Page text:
ADHDintheClassroom1

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Information about ADHDintheClassroom1
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Published on January 29, 2008

Author: Toni

Source: authorstream.com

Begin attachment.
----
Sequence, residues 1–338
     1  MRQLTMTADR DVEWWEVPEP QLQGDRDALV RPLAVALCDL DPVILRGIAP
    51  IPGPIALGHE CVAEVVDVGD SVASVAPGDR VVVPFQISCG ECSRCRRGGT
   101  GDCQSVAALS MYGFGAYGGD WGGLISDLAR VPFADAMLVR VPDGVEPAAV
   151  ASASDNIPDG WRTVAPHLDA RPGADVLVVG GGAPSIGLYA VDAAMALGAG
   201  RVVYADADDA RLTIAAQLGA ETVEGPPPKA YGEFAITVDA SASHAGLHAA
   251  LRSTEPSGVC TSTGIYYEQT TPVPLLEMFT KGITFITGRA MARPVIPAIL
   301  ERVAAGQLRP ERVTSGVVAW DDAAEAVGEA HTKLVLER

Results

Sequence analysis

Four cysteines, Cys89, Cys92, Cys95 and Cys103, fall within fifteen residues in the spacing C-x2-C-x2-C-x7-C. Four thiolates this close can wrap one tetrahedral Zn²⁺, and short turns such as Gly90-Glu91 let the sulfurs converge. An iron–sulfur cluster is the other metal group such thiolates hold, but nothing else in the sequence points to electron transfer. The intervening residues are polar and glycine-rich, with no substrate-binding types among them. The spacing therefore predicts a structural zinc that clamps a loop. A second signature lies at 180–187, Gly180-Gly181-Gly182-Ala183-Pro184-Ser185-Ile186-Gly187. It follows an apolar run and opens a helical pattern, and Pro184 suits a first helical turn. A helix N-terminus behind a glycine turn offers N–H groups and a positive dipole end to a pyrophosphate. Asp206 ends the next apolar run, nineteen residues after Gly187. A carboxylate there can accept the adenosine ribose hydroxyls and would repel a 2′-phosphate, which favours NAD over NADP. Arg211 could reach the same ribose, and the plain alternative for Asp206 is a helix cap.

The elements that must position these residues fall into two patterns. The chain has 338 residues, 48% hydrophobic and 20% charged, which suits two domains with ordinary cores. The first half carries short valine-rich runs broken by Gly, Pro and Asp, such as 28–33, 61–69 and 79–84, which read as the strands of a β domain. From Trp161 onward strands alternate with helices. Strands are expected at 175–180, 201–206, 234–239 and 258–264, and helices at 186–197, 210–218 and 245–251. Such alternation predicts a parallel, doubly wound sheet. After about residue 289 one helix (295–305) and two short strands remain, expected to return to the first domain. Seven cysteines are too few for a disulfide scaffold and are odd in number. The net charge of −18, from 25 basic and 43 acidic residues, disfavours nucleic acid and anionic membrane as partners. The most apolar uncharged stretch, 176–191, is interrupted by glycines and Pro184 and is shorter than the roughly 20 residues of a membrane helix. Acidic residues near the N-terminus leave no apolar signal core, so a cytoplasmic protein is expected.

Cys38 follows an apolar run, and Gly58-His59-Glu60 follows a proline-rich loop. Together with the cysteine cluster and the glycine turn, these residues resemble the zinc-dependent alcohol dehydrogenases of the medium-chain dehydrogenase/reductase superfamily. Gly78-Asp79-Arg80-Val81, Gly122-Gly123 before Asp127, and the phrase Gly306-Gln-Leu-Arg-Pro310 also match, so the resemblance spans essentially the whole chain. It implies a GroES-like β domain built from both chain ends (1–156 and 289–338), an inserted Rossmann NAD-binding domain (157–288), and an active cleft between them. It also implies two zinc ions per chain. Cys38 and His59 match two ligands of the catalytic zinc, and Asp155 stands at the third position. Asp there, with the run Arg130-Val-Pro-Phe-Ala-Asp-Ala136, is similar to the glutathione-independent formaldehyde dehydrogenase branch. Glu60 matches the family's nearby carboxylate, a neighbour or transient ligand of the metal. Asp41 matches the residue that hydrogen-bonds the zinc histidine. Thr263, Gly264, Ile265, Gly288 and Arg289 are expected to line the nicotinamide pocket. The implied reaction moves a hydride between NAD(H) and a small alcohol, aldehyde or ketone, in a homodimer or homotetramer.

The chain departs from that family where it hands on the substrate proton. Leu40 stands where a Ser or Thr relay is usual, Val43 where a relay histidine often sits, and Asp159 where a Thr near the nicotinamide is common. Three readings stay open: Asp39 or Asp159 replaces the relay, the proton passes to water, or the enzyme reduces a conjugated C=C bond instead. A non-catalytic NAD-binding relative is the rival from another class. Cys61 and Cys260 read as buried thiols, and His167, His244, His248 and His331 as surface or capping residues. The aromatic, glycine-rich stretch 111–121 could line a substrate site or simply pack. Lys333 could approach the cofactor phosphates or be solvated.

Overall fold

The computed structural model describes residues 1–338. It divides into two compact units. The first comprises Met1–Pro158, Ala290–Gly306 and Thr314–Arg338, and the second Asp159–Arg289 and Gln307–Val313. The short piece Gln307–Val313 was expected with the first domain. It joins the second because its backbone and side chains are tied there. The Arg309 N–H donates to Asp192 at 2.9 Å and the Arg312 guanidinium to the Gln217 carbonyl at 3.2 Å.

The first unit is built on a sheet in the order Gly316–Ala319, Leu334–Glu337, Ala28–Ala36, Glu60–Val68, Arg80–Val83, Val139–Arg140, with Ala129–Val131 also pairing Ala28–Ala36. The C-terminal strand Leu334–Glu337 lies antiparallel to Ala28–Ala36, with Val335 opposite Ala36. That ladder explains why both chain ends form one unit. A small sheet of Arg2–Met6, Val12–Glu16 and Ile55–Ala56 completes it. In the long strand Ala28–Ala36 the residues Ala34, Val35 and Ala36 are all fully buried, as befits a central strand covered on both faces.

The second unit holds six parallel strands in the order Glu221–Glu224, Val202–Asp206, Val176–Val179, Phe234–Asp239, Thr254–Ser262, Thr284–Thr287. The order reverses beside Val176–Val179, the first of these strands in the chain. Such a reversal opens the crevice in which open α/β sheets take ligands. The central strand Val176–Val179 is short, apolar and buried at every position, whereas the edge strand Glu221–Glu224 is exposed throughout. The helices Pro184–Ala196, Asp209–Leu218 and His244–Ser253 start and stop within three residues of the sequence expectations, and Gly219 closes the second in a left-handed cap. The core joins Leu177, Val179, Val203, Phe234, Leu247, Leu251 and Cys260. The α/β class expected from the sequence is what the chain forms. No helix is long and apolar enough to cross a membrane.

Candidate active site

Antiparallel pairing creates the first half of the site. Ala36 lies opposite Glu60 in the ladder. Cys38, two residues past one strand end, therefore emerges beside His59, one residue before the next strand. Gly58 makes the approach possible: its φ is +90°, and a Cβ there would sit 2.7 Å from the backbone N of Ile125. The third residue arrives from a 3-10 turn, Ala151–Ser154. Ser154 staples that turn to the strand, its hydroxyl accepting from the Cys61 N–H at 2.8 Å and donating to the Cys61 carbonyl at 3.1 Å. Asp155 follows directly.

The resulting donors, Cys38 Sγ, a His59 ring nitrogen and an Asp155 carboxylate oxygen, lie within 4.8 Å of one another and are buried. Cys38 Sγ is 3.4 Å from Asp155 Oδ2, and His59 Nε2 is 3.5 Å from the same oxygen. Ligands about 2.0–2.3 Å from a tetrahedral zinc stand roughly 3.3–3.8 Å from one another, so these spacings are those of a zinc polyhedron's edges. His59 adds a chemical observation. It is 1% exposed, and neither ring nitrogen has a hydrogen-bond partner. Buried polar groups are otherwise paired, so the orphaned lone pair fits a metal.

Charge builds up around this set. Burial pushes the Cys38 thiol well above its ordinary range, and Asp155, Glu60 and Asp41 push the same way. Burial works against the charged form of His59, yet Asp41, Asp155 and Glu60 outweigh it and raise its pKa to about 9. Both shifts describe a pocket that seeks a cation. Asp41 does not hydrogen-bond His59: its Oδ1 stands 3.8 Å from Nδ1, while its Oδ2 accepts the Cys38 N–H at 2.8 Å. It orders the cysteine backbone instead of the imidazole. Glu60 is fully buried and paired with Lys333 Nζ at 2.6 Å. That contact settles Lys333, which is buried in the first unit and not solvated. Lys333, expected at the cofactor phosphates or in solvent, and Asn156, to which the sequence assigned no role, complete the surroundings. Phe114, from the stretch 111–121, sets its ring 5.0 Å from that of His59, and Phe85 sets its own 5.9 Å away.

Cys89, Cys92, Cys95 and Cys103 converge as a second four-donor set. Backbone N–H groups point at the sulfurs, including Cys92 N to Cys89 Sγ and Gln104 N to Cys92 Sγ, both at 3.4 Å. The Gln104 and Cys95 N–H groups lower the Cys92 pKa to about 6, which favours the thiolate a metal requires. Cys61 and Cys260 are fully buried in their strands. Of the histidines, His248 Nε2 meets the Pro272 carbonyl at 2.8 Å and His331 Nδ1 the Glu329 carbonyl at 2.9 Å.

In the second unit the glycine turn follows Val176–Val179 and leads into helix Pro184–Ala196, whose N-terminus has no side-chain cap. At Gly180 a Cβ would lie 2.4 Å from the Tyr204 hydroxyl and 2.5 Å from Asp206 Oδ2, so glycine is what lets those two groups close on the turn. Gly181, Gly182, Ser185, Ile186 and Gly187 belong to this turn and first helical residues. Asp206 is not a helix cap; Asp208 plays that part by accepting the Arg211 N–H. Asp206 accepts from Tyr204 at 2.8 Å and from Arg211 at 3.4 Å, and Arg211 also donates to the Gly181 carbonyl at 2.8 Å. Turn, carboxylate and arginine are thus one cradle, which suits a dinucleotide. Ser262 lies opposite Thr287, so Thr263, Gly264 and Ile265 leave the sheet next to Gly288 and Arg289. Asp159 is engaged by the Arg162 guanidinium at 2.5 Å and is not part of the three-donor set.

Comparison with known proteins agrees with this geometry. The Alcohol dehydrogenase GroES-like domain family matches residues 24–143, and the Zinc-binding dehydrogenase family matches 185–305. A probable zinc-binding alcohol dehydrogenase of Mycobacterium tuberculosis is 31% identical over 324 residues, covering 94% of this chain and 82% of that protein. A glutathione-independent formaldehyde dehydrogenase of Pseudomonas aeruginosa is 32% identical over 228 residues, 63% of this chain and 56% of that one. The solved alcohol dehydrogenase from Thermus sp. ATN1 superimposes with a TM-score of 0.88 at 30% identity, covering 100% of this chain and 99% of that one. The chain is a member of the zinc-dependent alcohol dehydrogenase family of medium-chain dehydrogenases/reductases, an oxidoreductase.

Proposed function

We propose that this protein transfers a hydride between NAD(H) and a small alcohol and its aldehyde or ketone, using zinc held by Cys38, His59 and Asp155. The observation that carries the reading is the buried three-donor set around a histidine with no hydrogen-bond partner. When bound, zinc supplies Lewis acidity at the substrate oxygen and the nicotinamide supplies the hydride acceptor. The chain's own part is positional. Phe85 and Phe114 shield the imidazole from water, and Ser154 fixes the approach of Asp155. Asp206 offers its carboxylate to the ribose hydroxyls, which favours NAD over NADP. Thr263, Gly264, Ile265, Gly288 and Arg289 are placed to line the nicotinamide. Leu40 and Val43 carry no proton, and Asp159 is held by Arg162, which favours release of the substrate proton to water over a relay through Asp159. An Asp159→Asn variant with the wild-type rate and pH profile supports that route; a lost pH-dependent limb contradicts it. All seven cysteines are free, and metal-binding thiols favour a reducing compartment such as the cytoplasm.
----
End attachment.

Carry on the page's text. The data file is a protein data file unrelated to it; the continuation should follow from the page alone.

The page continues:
Slide1:  Laura G. Anthony, Ph.D. Center for School Mental Health Analysis and Action Department of Psychiatry, University of Maryland, Baltimore 737 W. Lombard Street, Baltimore, MD 21201 410-706-0980 csmha.umaryland.edu Helping Children with ADHD and Disruptive Behaviors in the Classroom Make sure it is ADHD! :  Make sure it is ADHD! Mood/Anxiety Problems PDD Spectrum Evidence-Based Treatment of ADHD:  Evidence-Based Treatment of ADHD Medication Treatment :  Medication Treatment Robust positive effects of stimulant medication (70% of children) on ADHD core symptoms and positive effects on some associated problems (aggression, peer relations, reduced compliance) A handful of studies have documented decreases in negative (but not increases in positive) mother-child interaction with stimulant medication. Slide5:  “Outcomes in ADHD may be governed less by the severity of a child’s symptoms and more by the manner in which the child and significant persons in the child’s environment react and respond to these symptoms” (Greene and Ablon, 2001). Importance of Context Slide6:  EFFECTIVE IMPLEMENTATION OF EVIDENCE-BASED NON-MEDICATION TREATMENTS What works for ADHD?:  What works for ADHD? All of the evidence-based practice elements for use in ADHD have their basis in Clinical Behavior Therapy. We will first cover the basic premises behind behavior therapy, then cover the specifics of effective interventions for ADHD What doesn’t work for ADHD?:  What doesn’t work for ADHD? Treatments with little or no evidence of effectiveness include Special elimination diets Vitamins or other health food remedies Psychotherapy or psychoanalysis Biofeedback Play therapy Chiropractic treatment Sensory integration training Social skills training Self-control training Clinical Behavior Therapy: Theory:  Clinical Behavior Therapy: Theory Proposed Mechanism: Individuals with ADHD have difficulty understanding the consequences of their actions. Approach: Application of the principles of social learning theory to modify children’s behavior by training parents and teachers to manipulate environmental antecedents, consequences and contingencies. The ABC Model:  The ABC Model Contingencies An example: The ABC Model:  An example: The ABC Model The ABC Model:  The ABC Model Contingencies Teacher makes eye contact with student, says, “Take out your math books.” Basic Principles:  Basic Principles Clear and brief rules Swift consequences Frequent consequences Powerful consequences Rich incentives Change rewards Expect failures Anticipate Slide14:  Treatment Target: Difficult Relations with Adults Less compliant and cooperative More demanding Less independent More emotional and conflicted interchange Adults are more negative and directive with child or adolescent with ADHD Treatment Target: Classroom Behavior Problems:  Treatment Target: Classroom Behavior Problems Difficulties in completing independent seat work Talking with classmates at inappropriate times Frequent out-of-seat behavior Organizational difficulties Praise:  Praise Training teachers to praise correctly increases compliance in youth with ADHD/DBD Praise can include Verbal praise, Encouragement Attention Affection Physical proximity Giving effective praise:  Giving effective praise Be honest, not overly flattering Be specific No “back-handed compliments” (i.e., “I like the way you are working quietly, why can’t you do this all the time?”) Give praise immediately Ignoring and Differential Reinforcement:  Ignoring and Differential Reinforcement Train staff and teachers to selectively Ignore mild unwanted behaviors AND Attend to alternative positive behaviors Teaching to ignore:  Teaching to ignore Teach staff and teachers how and when to ignore undesirable behavior Ignoring can include Visual cues Postural cues Vocal cues Social cues How to ignore:  How to ignore Visual cues Look away once child engages in undesirable behavior Do not look at the child until behavior stops Postural cues Turn the front of your body away from the location of child’s undesirable behavior Do not appear frustrated (e.g., hands on hip) Do not vary the frequency or intensity of your current activity (e.g., talking faster or louder) When to ignore:  When to ignore When to ignore undesirable behavior Child interrupts conversation or class Child blurts out answers before question completed Child tantrums Do not ignore undesirable behavior that could potentially harm the child or someone else Differential reinforcement:  Differential reinforcement Teach how and when to differentially reinforce desirable behavior Step One: Ignore (stop reinforcing) the child’s undesirable behavior Step Two: Reinforce the child’s desirable behavior in a systematic manner The desirable behavior should be a behavior that is incompatible with the undesirable behavior Differential reinforcement:  Differential reinforcement Define the behavior of concern (target) Determine how often the target behavior occurs Determine how often to reward the child for alternative behavior Fixed interval – reward every X minutes Determine how to reward the child for alternative behavior Praise, attention, points or chips Differential Rreinforcement of target behavior:  Differential Rreinforcement of target behavior Target behavior: Interrupting Alternative behavior: Working by himself Reward schedule: 5 minutes If child goes 5 minutes without interrupting, the child receives reinforcement If child interrupts before 5 minutes is up, the child does not receive reinforcement Re-set schedule once child interrupts Differential reinforcement:  Differential reinforcement Teacher systematically delays reinforcement once child responds to initial schedule Target behavior: Interrupting 1st reinforcement schedule: 5 minutes 2nd reinforcement schedule: 6 minutes 3rd reinforcement schedule: 7.5 minutes Problems with ignoring and differential reinforcement :  Problems with ignoring and differential reinforcement Extinction burst Warn staff and teachers that the behavior will get worse before it gets better (child will work harder to gain their attention) If you put your money in a vending machine, and the soda doesn’t come out, what do you do? You probably press the button a few more times, maybe you even try pressing harder Indiscriminant reinforcement Train teachers to reward only the alternative (desirable) behavior, so they don’t reward other unwanted behaviors by mistake Improving commands/limit setting:  Improving commands/limit setting Training for teachers to give commands in the most effective way Effective commands increase compliance in children and adolescents with ADHD/DBD (and in others, too!) Improving commands/limit setting with children:  Improving commands/limit setting with children Teach parents and teachers: To only give commands that they intend to back up with consequences (positive and negative) Not to present commands as questions or favors Not give too many commands at once Improving commands/limit setting with adolescents:  Improving commands/limit setting with adolescents Teach parents and teachers: To consider the intent of their command Do they have the time/energy to follow through? Do they have consequences for noncompliance? To avoid ambiguity when issuing commands To not respond to compliance with gratitude Improving commands/limit setting with adolescents, con’t.:  Improving commands/limit setting with adolescents, con’t. Teach parents and teachers: To praise teens for appropriate behavior To tell teen what to do, rather than what not to do To eliminate other distractions while giving commands To break down multi-step commands To use aids for commands that involve time Classroom Management: Working on Behavioral Consequences:  Classroom Management: Working on Behavioral Consequences Reinforcement: immediate rewards for positive behavior Tangible token for following rules and instructions Labeled praise Punishment: Mild aversive consequences for off-task, non-compliant behavior Tangible token for disruptive behavior Salient warning of consequence with choice Tangible rewards:  Tangible rewards Children and adolescents with ADHD do not respond to natural (intrinsic) rewards as well as typical youth The training of parents and teachers in the use of tangible rewards is effective in increasing desired behaviors Can use token systems, behavior charts, or immediate rewards Response Cost:  Response Cost Using a point or token system in school in which negative behaviors result in the loss of points or tokens. Training parents and teachers to use response cost is effective in reducing undesired behavior and noncompliance Response Cost with Children:  Response Cost with Children Train teachers: To develop list of undesirable behavior to be fined by reward system To deduct points/chips for undesirable behavior Teacher and child have chosen to reduce whining If child whines, teacher deducts three points Penalties increase based on severity of behavior Response Cost with Adolescents:  Response Cost with Adolescents Train teachers: To now use behavioral contract with the teen for “fines” Teen agrees to not swear If teen swears, teen loses Internet privilege at school To begin with 1 week “training period,” during which teacher labels misbehavior every time it happens and warns of new fines Response Cost with Adolescents:  Response Cost with Adolescents Train teachers: To avoid “punishment spiral” When teacher fines teen for misbehavior, the teen responds with more misbehavior Teen continues to lose privileges, then loses motivation Rule: fine teen no more than twice, then direct teen to “cool off” away from the situation Response Cost with Adolescents:  Response Cost with Adolescents Encourage teacher to act as “judge and jury” when teen lies The teen should remain above suspicion Response cost allows teacher to discipline/educate instead of just punish Emphasis of response cost is on “Warm” – positive, loving “Firm” – specific, immediate, and consistent Classroom Management: What Helps it Work?:  Classroom Management: What Helps it Work? Immediate and frequent reinforcement Student is an active participant in developing the reinforcement system. “Priming” periods at the beginning of the day. Response Cost: Cost should be mild (e.g., loss of privilege, losing points in token system) and should not be overused Include academic performance (e.g., accurate work completion) in behavior plan. Cooperative teacher Setting up a school-home contract:  Setting up a school-home contract The teacher tracks the child’s behavior and reports it to the parent daily, who rewards the child Pretty easy for the teacher This is particularly effective because both the parent and teacher are involved If the parent can’t be involved, the rewards may be given at school School-Home Contract:  School-Home Contract Daily report card, based on a written contract, coupled with home-based reward system List of a few target behaviors, homework and test grades and homework assignments Choose one target that the child will be successful with most of the time Parent and teacher signatures and comments See samples provided School Home Contract:  School Home Contract Jeffrey Smith promises to stay out of fights on the schoolyard. Each day he does as agreed, he can expect the following actions to take place. From the teacher: Praise One point for each day of appropriate behavior. When ten points are earned, Jeffrey may spend an extra hour on the computer. A note home to parents telling them of Jeffrey’s successful day. From the parents: Praise One point for each day of appropriate behavior. When ten points are earned Jeffrey may invite a friend to dinner and a movie. General Education Classroom:  General Education Classroom Brief, clear, and frequent instructions Include academic performance (e.g., accurate work completion) in behavior plan. Daily report card system Parallel teaching—increase engagement Strategic attention, frequent feedback Post schedules and rules Increase novelty and interest level of tasks “Direct Instruction” techniques General Education Classroom: “504” Plan Accommodations:  General Education Classroom: “504” Plan Accommodations Preferential seating Increased time on tests Reduced homework load Extra supervision Select appropriate group partners Verbal and visual cuing Help with organizational skills ADHD and Test Accommodations:  ADHD and Test Accommodations If ADHD meets the requirements of the Americans with Disabilities Act (impairment that substantially limits a major life activity), then testing accommodations can be requested: Extended time Separate testing room Breaks during the test Behavioral Consequences: Benefits of Whole Classroom Approach (e.g., PBIS):  Behavioral Consequences: Benefits of Whole Classroom Approach (e.g., PBIS) Reduces sense of “unfairness;” ADHD children receiving special treatment Multiple ADHD children in classroom may strain individual approach Benefits whole class environment Classroom Management: Evaluation:  Classroom Management: Evaluation Classroom-based contingency management procedures have led to improvement in: Task-related attention Academic productivity and accuracy Interactions with peers and adults Positive reinforcement and response cost procedures necessary Proactive Interventions: Classroom-Wide Peer Tutoring:  Proactive Interventions: Classroom-Wide Peer Tutoring Students in classroom paired and take turns being the tutor Tutors provided with “scripts” Praise or points awarded Errors are immediately corrected Teacher monitors and awards points to pairs Evaluation Enhanced task attention and academic accuracy Practical and highly acceptable Little generalization to other classroom activities Proactive Interventions: Coaching:  Proactive Interventions: Coaching Student teams with adult or peer to develop goals and methods to evaluate. Brief sessions involve: Reviewing and evaluating goals Anticipate barriers to achieving objectives Plan steps and when they should be accomplished Evaluation Promising for adolescents who have shown progress in other structured interventions and who are motivated by attention from others (Dawson, P., & Guare, R. (1998). Coaching the ADHD Student. North Tonawanda, NY: Multi Health Systems) Reducing Teacher Burden :  Reducing Teacher Burden Increase Knowledge Improve attitude to actively work with ADHD students (e.g., treatable, not curable) More difficult for ADHD student to do same work More difficult for ADHD student to behave at appropriate level School behavior and performance mainly a result of school-based interventions rather than individual/family interventions Reducing Teacher Burden:  Reducing Teacher Burden Ongoing Collaboration In-service and videos not enough Help in implementing behavioral programs “Master teachers” Individualized programs Engagement Reducing Teacher Burden:  Reducing Teacher Burden Communicating Developing trust Reduce emphasis on “family problems” as causal Importance of concern; parents know it’s a tough job Support and support groups Slide52:  Systemic Interventions Develop consistent guidelines for assessment and intervention in school system Mount a public awareness campaign Disseminate and use “best practices” information, including communication Include ADHD and mental health issues in the training of new teachers Develop new community resources for children with ADHD (camps, after-school programs) Resources:  Resources The Attention Deficit Information Network www.addinfonetwork.com Children and Adults with Attention-Deficit/Hyperactivity Disorder (CHADD) www.chadd.org National Attention Deficit Disorder Association www.add.org Resources :  Resources National Information Center for Children and Youth with Disabilities www.nichy.org National Institutes of Mental Health www.nimh.nih.gov